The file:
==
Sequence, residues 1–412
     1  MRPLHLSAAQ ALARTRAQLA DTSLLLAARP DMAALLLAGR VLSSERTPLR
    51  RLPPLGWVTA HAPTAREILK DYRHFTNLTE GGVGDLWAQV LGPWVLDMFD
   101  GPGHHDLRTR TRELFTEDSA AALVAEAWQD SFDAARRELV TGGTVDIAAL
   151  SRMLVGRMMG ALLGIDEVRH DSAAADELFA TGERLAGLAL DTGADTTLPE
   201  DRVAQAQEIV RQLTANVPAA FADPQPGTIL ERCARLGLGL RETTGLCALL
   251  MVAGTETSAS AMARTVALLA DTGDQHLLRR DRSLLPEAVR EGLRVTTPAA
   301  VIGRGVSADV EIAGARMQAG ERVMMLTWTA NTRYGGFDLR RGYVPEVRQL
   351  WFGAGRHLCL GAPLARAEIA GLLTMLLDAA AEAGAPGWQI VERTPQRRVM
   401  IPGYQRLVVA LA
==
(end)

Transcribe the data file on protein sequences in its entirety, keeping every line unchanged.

Sequence, residues 1–412
     1  MRPLHLSAAQ ALARTRAQLA DTSLLLAARP DMAALLLAGR VLSSERTPLR
    51  RLPPLGWVTA HAPTAREILK DYRHFTNLTE GGVGDLWAQV LGPWVLDMFD
   101  GPGHHDLRTR TRELFTEDSA AALVAEAWQD SFDAARRELV TGGTVDIAAL
   151  SRMLVGRMMG ALLGIDEVRH DSAAADELFA TGERLAGLAL DTGADTTLPE
   201  DRVAQAQEIV RQLTANVPAA FADPQPGTIL ERCARLGLGL RETTGLCALL
   251  MVAGTETSAS AMARTVALLA DTGDQHLLRR DRSLLPEAVR EGLRVTTPAA
   301  VIGRGVSADV EIAGARMQAG ERVMMLTWTA NTRYGGFDLR RGYVPEVRQL
   351  WFGAGRHLCL GAPLARAEIA GLLTMLLDAA AEAGAPGWQI VERTPQRRVM
   401  IPGYQRLVVA LA